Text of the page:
Authors: Victor Deupi & Jean-Francois Lejeune (Birkhäuser, 2021)
In the 20th century, modern architecture thrived in Cuba and a wealth of buildings was realized prior to the 1959 revolution and in its wake. The designs comprise luxurious nightclubs and stylish hotels, sports facilities, elegant private homes, and apartment complexes. Drawing on the vernacular, their architects defined a way to be modern and Cuban at the same time – creating an architecture oscillating between tradition and avant-garde.
—From the Introduction
In this new 344 page book spanning three decades of Cuban architecture, authors Victor Deupi and Jean-Francois Lejeune have done a commendable job of filling in some of the gaps on the subject, along with providing English translations of many Spanish architecture texts here available for the first time. For as they note in the book’s opening pages, the majority of knowledge in North America and Europe on the subject has typically been derived from two architecture surveys: Sigfried Giedion’s A Decade of New Architecture (1971) and Henry-Russell Hitchcock’s Latin American Architecture since 1945 (1955).
Given these two texts, along with two shows on the origins of Latin American architecture put on by MoMA in 1956 and 2015, this heroic volume is a much-needed addition to the topic. Based on an exhibition held at Coral Gables Museum in South Florida in 2016, the book includes a new collection of current photography by Silvia Ros, accompanied by a rich archive of historical images, city plans, and drawings. Just as astonishing is the academic rigour with which the authors have researched and presented their subject, including an alphabetical list of 40 Cuban architects at the end of the book.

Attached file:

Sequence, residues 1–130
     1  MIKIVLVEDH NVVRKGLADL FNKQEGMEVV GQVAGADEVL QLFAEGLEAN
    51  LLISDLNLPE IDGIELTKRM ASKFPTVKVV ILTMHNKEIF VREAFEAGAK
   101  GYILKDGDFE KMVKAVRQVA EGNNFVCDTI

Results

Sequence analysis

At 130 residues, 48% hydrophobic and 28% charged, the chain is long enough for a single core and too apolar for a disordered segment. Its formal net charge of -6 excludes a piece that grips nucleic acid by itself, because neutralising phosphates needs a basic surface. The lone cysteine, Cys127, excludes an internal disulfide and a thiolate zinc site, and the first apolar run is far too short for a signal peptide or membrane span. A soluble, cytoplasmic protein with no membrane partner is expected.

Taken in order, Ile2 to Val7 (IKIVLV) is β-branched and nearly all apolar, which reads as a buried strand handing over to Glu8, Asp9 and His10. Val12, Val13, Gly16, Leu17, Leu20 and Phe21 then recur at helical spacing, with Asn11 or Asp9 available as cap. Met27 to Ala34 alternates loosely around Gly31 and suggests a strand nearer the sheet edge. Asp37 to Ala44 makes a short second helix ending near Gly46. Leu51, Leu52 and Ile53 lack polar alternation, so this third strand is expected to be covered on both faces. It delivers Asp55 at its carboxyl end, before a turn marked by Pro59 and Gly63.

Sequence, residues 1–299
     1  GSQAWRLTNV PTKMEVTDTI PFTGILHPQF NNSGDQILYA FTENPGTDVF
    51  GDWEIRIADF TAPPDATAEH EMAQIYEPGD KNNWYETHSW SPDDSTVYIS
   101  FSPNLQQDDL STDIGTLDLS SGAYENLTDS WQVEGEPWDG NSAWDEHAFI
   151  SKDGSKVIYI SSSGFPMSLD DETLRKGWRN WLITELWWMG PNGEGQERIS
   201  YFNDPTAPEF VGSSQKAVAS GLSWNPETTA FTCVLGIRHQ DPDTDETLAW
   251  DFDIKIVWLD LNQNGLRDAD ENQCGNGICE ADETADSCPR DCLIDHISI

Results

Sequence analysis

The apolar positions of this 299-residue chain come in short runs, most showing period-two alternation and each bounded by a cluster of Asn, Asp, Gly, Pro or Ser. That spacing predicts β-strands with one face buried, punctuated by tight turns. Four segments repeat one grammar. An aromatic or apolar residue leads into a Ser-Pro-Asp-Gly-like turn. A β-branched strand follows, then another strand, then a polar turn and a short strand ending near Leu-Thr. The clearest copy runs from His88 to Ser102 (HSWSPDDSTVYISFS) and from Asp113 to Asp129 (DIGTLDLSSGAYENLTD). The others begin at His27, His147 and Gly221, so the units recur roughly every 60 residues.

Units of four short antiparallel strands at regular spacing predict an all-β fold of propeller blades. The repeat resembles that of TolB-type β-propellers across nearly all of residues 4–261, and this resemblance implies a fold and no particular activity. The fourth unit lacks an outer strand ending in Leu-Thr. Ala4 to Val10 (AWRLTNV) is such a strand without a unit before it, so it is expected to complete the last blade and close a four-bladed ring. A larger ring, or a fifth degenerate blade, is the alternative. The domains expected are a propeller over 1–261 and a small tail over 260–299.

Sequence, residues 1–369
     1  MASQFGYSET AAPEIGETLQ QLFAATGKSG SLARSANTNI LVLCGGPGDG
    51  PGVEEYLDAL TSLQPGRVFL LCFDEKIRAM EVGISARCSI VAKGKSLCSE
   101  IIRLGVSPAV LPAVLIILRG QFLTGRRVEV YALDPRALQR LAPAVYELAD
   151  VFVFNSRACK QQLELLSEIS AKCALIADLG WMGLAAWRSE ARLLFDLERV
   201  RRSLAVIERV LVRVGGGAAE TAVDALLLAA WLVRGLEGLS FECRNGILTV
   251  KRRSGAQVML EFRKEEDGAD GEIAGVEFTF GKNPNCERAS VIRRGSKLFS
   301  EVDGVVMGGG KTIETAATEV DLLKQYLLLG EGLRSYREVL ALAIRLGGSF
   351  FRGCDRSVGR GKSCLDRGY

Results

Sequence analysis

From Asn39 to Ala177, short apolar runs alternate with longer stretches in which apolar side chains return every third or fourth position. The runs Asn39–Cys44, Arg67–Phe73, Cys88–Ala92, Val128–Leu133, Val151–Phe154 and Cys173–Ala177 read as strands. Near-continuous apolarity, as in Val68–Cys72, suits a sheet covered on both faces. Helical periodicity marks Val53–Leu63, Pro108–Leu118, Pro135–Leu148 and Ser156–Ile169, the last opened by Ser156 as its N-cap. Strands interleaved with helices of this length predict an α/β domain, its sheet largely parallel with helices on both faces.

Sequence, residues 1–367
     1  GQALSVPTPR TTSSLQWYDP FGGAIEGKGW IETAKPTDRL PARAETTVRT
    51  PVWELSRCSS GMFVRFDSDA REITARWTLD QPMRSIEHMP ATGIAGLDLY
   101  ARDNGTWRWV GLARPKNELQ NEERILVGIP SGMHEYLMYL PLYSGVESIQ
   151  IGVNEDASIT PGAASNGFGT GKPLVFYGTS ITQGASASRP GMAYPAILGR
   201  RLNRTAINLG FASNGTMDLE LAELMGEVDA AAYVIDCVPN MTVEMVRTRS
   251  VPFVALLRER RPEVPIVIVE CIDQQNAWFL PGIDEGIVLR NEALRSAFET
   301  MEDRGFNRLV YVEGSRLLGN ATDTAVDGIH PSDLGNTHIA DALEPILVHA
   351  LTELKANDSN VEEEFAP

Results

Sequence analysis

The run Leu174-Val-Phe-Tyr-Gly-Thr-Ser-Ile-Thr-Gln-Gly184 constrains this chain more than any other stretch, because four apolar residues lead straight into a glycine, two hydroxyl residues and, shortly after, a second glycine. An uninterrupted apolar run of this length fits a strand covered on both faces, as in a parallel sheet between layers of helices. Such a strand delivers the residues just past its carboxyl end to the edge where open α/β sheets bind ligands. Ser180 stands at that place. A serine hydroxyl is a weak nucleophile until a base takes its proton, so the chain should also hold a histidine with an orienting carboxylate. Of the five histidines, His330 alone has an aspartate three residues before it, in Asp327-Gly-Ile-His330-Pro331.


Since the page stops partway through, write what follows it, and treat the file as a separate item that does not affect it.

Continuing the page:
With a comprehensive introduction entitled ‘Modernity and Cubanidad,’ the book’s ensuing chapters explore the nation’s architecture starting at the scale of the modern house and progressing to that of the city. Later chapters are devoted to architecture and its relation to recreation (‘Tropicality, Tourism, and Leisure’) and the arts (‘The Synthesis of the Arts’). Placing the chapters in this order, the book becomes more autobiographical than chronological, showing, in general, the relationships between domestic and public architecture in the city, while simultaneously providing contemporary planning frameworks at both the rural and urban scale.
The second chapter is perhaps one of the book’s most fascinating, as it looks specifically at the planning and growth of Havana, including the building of its civic precinct and surrounding landscape like the Malecón, with a spotlight on Josep Lluís Sert’s Plan Plato de La Habana (1959). The chapter reinforces the author’s main thesis that the city became a petri dish of mid-century modernism, with ideas from the likes of Walter Gropius and Le Corbusier being tried and tested as the city continued to grow.
The book also shows the connection of mid-century modernism to the Havana School of Architecture, whose students burned copies of Vignola’s classical orders on the steps of the school in 1944 to protest the rigid canon being taught. Perhaps the most pivotal moment for Cuba was when Walter Gropius visited and spoke at the school in 1949, with the authors of the book likewise pointing out that modern architecture had been written about as early as the 1930s in Spain, primarily in the country’s two main architecture magazines, El Arquitecto and Arquitectura.